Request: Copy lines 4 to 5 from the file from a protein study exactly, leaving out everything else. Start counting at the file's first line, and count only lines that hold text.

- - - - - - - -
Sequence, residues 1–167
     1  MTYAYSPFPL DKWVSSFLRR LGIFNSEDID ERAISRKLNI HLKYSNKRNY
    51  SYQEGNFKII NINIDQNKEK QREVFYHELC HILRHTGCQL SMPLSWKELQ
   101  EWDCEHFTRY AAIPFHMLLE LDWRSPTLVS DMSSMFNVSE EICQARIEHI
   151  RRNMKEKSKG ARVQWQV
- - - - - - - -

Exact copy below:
   101  EWDCEHFTRY AAIPFHMLLE LDWRSPTLVS DMSSMFNVSE EICQARIEHI
   151  RRNMKEKSKG ARVQWQV